An expected, $64,789 General Fund budget surplus for the City of Hughson is now projected as a $70,923 – or more – deficit, members of the Hughson Finance Committee learned Tuesday.
The sudden budget swing has Hughson racing to cut costs, meeting with labor groups to renegotiate contracts, considering consolidating services with other cities and counties, and possibly cutting whole programs.
“On a positive note, the revenues are coming in fairly close to what we thought,” Hughson City Manager Bryan Whitemyer said.
While tax revenues are roughly on par with expectations, unanticipated costs have materialized for the City of Hughson. An approximately $30,000 hit in employee retirements, unexpected purchases, and other minor budget modifications dropped the projected surplus to $34,327.
“I wish that was the end of the story,” Whitemyer said.
During a recent visit, auditors noticed Hughson was improperly calculating or using fund balances in four areas:
· For the past two years, Hughson has spent $37,250 from the low-moderate housing account to pay for code enforcement activities; the auditor recommended that housing funds only be used for housing, and that the city backfill the account from the General Fund.
· Funds from the Euclid North and South Benefit Assessment Districts and Landscape and Lighting Districts were used to fund some city salaries, despite the fact that related developments were never built due to the economic downturn. As there is nothing to maintain, the city should not have collected assessments, and should not have charged the accounts; approximately $28,000 will be refunded to developers from the General Fund.
· The City of Hughson collects impact fees on behalf of Stanislaus County when new projects are developed. In 2009/2010, the City of Hughson mistakenly marked those fees as city revenues. Hughson will need to refund approximately $40,000 to the county.
· When developers begin projects, they are required to deposit a certain amount of money into a liability account. Those accounts are charged as Hughson performs work for the developer, such as environmental assessments. Developers are supposed to add money to the accounts as funds run low, but many liability accounts are now running a negative balance. If Hughson cannot collect, it will be forced to swallow the costs.
Those adjustments tally a further $105,000 cost to Hughson, plus whatever costs remain in negative-balance liability accounts. According to Whitemyer, some developers may have gone bankrupt, and other debts may have exceeded the statute of limitations to collect.
“If you can't collect it, you've got to write it off,” said Hughson Finance Director Margaret Souza. “The cash is already gone. You've already paid the bills. But the books show we're supposed to be getting money to reimburse that. We never should have gone in the hole.”
Hughson could dip into its modest reserves to balance the budget deficit, but such a move may jeopardize the city’s financial stability should catastrophe strike. Instead, to correct the structural deficit, the city will look to reduce costs.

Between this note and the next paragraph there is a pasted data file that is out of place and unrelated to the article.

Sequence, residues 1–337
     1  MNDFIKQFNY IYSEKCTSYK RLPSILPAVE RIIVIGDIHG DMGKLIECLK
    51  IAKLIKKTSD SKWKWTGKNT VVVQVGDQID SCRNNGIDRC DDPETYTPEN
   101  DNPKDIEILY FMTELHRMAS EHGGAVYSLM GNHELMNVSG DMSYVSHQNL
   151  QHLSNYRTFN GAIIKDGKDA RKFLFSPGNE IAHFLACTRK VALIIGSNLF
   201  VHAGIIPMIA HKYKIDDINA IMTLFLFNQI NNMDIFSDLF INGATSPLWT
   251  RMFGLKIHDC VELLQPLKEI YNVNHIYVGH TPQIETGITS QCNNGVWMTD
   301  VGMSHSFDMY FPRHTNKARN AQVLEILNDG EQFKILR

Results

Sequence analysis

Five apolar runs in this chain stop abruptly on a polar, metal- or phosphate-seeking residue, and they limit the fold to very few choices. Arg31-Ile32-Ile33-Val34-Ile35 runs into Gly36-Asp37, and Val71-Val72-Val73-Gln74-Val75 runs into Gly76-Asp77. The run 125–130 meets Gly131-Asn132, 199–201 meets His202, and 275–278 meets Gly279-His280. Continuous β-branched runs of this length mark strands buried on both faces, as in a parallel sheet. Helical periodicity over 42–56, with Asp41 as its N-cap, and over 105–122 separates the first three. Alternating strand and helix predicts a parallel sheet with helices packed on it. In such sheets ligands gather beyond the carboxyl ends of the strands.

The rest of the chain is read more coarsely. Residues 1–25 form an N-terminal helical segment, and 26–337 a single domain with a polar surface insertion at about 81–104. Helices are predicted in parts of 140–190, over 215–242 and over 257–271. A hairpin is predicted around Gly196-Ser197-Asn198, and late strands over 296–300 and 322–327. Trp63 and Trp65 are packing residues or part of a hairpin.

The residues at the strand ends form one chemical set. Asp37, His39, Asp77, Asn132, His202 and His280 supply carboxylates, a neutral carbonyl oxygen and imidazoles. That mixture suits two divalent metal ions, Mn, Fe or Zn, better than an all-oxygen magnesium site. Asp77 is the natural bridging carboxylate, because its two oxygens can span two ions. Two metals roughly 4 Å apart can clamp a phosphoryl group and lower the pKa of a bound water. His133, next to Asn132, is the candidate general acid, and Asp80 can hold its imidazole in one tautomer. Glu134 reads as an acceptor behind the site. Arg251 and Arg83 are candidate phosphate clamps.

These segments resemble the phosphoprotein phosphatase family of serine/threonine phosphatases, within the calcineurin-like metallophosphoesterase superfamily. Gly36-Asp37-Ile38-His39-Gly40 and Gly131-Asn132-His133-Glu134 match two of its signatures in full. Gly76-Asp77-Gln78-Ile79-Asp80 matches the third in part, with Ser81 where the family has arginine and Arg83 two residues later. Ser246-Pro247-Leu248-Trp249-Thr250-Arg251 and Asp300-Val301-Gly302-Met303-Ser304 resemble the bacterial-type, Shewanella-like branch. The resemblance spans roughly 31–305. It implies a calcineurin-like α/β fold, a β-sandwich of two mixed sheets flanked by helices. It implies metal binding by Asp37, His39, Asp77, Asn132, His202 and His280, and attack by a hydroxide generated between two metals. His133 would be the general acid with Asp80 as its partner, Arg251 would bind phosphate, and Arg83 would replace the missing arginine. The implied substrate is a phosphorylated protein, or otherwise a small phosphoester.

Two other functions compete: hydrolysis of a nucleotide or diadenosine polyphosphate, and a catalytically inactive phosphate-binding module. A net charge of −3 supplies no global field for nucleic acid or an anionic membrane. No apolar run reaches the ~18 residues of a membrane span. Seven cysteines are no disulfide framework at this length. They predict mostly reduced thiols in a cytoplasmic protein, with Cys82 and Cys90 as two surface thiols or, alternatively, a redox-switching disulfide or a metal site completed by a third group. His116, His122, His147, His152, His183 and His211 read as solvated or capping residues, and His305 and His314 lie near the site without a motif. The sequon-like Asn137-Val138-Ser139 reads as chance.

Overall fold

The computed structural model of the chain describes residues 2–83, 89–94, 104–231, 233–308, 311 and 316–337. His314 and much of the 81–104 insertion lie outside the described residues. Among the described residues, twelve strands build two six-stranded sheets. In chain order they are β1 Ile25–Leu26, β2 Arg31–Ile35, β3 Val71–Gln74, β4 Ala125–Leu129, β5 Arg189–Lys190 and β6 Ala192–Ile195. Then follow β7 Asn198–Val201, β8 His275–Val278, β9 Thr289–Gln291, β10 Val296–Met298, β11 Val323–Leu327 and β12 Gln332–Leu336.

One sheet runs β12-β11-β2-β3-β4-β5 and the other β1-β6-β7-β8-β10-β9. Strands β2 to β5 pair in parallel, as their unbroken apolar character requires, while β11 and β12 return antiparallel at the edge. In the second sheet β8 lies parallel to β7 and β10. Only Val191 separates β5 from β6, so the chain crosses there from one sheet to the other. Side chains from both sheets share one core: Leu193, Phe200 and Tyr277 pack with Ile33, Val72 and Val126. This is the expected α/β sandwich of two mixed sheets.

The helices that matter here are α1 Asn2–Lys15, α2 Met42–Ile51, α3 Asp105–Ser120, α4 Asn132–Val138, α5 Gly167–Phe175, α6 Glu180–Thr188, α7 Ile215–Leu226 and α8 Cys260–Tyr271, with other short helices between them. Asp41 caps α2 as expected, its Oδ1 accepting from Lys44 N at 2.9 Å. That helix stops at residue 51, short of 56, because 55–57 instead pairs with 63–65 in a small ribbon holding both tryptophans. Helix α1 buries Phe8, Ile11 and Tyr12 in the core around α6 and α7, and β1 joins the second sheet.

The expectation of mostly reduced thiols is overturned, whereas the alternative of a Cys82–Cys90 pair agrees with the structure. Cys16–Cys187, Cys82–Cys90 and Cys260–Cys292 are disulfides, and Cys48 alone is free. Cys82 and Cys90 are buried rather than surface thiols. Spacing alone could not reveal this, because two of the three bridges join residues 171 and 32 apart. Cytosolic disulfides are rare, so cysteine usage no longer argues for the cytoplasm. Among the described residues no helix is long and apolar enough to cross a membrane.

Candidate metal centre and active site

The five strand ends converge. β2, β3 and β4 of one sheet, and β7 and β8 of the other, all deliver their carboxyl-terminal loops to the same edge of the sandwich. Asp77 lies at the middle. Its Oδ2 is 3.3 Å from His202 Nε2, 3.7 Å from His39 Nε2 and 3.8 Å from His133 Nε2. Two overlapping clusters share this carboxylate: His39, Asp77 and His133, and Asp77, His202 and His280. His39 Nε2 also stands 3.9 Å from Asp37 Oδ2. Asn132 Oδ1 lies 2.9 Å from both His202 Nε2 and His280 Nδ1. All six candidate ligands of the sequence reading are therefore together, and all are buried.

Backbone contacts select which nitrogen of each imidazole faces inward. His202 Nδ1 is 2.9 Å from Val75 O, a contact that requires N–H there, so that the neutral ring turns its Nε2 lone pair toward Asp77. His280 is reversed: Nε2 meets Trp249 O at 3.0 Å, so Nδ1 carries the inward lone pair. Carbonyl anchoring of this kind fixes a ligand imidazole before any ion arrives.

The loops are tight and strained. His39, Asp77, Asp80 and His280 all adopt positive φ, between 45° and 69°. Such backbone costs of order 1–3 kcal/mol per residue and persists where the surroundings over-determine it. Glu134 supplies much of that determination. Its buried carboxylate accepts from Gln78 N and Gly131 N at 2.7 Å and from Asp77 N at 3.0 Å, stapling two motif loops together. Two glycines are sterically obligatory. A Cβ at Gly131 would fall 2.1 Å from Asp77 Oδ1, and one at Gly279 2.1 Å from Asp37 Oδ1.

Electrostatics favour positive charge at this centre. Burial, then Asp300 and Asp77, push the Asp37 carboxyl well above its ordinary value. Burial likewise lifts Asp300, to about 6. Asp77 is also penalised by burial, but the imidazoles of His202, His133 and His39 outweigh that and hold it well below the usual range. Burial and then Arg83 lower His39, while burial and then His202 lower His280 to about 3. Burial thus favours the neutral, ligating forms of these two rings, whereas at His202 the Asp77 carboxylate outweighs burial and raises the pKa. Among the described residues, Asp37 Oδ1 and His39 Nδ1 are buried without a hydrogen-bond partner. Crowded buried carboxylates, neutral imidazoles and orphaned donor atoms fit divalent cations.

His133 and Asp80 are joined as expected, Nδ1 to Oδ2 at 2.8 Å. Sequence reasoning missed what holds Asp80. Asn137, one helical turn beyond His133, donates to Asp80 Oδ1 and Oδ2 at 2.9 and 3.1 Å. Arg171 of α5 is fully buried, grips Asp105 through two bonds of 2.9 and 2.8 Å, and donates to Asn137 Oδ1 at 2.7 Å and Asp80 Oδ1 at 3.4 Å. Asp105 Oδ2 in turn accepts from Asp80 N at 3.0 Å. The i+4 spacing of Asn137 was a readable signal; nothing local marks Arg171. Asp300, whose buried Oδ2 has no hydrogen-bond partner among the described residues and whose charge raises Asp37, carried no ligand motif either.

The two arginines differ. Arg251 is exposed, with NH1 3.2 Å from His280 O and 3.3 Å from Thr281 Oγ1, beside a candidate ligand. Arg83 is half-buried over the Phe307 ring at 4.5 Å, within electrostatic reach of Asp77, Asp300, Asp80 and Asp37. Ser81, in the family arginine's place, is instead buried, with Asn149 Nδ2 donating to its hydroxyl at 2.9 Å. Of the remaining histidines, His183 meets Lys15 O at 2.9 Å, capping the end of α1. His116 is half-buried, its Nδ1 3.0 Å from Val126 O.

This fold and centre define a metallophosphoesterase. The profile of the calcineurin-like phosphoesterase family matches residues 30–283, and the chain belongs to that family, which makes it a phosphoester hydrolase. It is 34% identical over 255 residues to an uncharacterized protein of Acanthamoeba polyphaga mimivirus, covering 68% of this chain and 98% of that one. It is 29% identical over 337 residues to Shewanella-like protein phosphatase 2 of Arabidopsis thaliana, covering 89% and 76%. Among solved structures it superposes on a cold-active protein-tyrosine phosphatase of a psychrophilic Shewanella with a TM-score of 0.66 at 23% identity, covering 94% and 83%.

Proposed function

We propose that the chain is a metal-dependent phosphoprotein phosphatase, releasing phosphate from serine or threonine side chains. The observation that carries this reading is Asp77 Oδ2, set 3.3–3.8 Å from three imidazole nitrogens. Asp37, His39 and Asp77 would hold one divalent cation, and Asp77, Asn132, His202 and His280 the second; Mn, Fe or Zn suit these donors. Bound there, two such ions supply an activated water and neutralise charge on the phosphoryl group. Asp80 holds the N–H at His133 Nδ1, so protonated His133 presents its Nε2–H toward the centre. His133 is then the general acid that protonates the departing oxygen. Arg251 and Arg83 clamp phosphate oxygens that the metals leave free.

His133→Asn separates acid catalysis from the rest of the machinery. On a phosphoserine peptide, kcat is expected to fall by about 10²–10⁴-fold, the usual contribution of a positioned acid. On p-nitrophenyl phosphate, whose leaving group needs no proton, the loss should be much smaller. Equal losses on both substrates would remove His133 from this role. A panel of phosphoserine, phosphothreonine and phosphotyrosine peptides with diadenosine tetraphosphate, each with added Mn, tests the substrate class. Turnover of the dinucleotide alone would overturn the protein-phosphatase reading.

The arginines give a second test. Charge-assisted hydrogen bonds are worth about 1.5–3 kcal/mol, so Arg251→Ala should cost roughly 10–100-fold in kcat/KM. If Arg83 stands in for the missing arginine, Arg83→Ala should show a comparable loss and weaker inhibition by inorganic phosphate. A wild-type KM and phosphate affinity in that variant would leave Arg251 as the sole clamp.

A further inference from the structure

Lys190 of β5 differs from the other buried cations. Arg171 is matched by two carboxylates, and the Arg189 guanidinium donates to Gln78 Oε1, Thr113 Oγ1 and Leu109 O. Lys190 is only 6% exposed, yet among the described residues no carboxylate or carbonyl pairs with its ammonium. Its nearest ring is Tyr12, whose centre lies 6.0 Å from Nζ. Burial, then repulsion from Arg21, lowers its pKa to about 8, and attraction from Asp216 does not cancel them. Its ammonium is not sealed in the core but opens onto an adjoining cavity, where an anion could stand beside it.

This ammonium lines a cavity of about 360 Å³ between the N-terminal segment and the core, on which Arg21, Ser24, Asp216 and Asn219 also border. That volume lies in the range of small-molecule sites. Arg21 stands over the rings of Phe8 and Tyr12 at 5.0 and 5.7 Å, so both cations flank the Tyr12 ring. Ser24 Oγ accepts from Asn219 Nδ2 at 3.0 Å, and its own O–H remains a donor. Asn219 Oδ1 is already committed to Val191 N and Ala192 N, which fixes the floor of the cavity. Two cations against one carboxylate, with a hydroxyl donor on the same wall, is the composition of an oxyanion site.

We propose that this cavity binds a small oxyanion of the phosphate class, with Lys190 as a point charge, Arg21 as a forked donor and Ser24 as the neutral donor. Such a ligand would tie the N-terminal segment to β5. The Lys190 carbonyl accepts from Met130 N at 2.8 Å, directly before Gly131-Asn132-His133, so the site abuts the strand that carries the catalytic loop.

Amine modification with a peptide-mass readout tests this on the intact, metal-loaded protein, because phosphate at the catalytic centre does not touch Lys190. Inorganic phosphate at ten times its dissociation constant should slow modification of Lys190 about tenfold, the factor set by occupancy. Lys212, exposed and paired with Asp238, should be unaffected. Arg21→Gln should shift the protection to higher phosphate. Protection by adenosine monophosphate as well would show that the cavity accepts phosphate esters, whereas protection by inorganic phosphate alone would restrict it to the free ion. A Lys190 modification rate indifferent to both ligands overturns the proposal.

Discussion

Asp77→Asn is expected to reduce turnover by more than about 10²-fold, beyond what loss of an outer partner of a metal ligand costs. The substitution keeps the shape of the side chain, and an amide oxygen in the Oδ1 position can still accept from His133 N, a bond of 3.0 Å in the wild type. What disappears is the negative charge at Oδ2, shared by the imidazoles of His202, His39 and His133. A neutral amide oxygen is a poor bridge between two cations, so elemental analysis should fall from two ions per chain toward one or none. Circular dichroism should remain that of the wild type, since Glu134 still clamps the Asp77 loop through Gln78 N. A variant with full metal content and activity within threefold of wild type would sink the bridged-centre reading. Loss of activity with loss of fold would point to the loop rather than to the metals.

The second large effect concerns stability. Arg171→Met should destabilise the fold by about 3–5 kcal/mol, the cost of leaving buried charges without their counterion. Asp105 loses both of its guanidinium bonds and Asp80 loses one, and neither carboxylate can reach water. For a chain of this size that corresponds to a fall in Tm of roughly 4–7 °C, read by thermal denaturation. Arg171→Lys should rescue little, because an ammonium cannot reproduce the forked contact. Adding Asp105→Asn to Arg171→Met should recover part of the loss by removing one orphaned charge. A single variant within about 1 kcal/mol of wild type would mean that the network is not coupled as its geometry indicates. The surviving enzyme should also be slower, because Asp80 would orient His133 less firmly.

“If we don't address these things now, we will really pay the piper later,” Whitemyer said. “With these budget adjustments, we're anticipating a deficit of at least $70,923.”
That’s a sizable deficit for a city with a general fund budget of just $1.8 million. Should city labor groups agree to an effective 5 percent pay cut, either through furloughs or an increased employee contribution to benefits, the city would save only $28,000.
Whitemyer will meet with labor groups later this week to discuss possible long-term solutions to the budget gap. Other possibilities include reducing city departments by partnering with neighboring communities – as some county cities have outsourced building departments to the county – or cutting department budgets.
The city will be looking for solutions from any perspective, and hopes to involve staff of all levels in the brainstorming process.
“If an employee of Hughson comes up with a really good idea, I want to make sure they get credit for it too,” Hughson Councilman Matt Beekman said. “No idea's too hacky at this point. Now's the time to think out of the box.”
Beekman emphasized a need to pursue economic development initiatives in the down economy. Such a move could increase the city’s property tax collections.
Hughson’s been hard hit by the downturn, with assessed property tax values dropping 10, 8, and 5 percent since the 2007-2008 fiscal year.
"Normally this would be awful, but after working in the City of Patterson, this doesn’t look all that bad,” Souza said. “Trust me."
Due to Prop 13, property tax valuations will increase very slowly, leaving the city with down revenues for years to come. According to Souza, it could be until 2043 before property tax revenues return to their 2007-2008 highs.
The only way that recovery could come sooner is if property changes hands, or if new developments break ground in Hughson.
“Unless something comes to the community, it's going to be flat for years to come,” Souza said.
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